THIRD NAT. BANK fRiRD NAT. BANK
HARRISON and another.
(Circuit Court, E. D. Missouri.
STATtJTJCS-CONSTRUCTION OF-REPEAL BY IMPLICATION.
An earlier statute is only repealed by a later one when their provisions can· not be reconciled.
A later statute which is general and affirmative in its provisions will not abrogate a former one which is particular or special.
An exposition of a statute which will revoke or alter by construction of gen· eral words 3 previous general statute should not be adopted where the words may have their proper operation without it.
ACT OF MARCH 3, 1875, CONSTRUED.
The act of March 3, 1875, " to determine the jurisdiction of the circuit courts of the United States, to regulate the removal of causes from the .tate courts, and for other purposes," did not repeal chapter 10, § 629, of the Revised Statutes. II. JURISDICTION OF CtRCUIT COURTS IN NATIONAL BANK CASES-REv. ST. §629,IJ.IO. Circuit courts have jurisdiction over suits by or against national banks without regard to the questions in controversy. . 6. Sum-REv. ST. § 740. Where there are two districts in a state a national bank may bring a suit Rot of a local nature in the circuit court of the one in which it is located against two or more defendants, one or more of whom reside in the other district, if one of them resides in the district in which suit is brought.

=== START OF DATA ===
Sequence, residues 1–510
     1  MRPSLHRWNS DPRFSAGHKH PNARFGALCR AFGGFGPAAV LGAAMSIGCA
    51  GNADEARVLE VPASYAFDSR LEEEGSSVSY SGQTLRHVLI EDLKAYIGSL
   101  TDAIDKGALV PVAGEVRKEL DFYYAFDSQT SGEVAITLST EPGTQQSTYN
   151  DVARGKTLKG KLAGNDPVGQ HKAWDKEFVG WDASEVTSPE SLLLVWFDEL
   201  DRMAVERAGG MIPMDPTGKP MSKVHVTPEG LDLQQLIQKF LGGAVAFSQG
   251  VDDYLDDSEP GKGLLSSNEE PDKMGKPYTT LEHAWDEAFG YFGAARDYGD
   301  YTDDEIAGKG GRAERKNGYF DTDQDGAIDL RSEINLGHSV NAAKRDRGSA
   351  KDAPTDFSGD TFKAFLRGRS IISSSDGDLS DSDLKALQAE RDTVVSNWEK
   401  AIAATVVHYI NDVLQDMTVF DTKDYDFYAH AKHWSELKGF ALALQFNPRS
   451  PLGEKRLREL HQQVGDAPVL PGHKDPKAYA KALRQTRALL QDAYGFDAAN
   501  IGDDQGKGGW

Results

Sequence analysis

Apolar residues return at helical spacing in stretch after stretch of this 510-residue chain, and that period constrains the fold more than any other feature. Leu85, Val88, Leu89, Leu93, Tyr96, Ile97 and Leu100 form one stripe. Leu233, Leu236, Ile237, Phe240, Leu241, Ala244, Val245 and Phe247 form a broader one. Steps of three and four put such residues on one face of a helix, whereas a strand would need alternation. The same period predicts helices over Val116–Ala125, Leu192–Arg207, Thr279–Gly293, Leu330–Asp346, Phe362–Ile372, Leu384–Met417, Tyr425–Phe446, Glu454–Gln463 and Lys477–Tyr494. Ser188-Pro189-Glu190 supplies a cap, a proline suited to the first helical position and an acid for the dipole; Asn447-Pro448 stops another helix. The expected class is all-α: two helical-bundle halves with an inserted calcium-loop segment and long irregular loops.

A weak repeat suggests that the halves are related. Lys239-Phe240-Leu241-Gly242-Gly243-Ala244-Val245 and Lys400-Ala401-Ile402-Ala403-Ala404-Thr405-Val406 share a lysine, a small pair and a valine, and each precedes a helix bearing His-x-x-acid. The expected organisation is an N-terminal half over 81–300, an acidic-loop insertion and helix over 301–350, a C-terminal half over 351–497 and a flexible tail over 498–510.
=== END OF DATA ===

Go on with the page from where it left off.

This is an action brought by the plaintiff, a corporation organized under the national banking act, against the defendants to recover judgment upon a certain promissory note executed by the defendant Harrison his co·defendant Alexander, and by the latter assigned to the plaintiff. The plaintiff is a national bank, located in the city of St. Louis, Missouri, and the defendants are citizens of the state of Missouri, the defendant Harrison being a citizen of the western district thereof. Upon these facts the defendant Harrison moves to dismiss the cause for want of jurisdiction. Dyer & Ellis, for plaintiff. Alexander Graves, for defendant. MCCRARY, C. J., (orally.) It is insisted by counsel for defendant -First, that this court has no jurisdiction in the case under the act of congress, approved March 8, 1875, entitled "An act to determine the jurisdiction of the circuit courts of the United States, and to regulate the removal of causes from the state courts, and for other purposes," which act, it is insisted, repeals all prior acts upon the subject of the jurisdiction of the circuit courts, including the provision v.8,no.l0-46